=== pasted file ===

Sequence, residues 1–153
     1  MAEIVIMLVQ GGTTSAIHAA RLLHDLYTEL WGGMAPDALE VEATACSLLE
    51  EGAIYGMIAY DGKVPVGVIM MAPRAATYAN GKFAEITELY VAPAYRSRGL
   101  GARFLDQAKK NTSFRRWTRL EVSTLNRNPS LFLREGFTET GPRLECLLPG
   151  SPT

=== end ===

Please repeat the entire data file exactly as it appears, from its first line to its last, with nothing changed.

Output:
Sequence, residues 1–153
     1  MAEIVIMLVQ GGTTSAIHAA RLLHDLYTEL WGGMAPDALE VEATACSLLE
    51  EGAIYGMIAY DGKVPVGVIM MAPRAATYAN GKFAEITELY VAPAYRSRGL
   101  GARFLDQAKK NTSFRRWTRL EVSTLNRNPS LFLREGFTET GPRLECLLPG
   151  SPT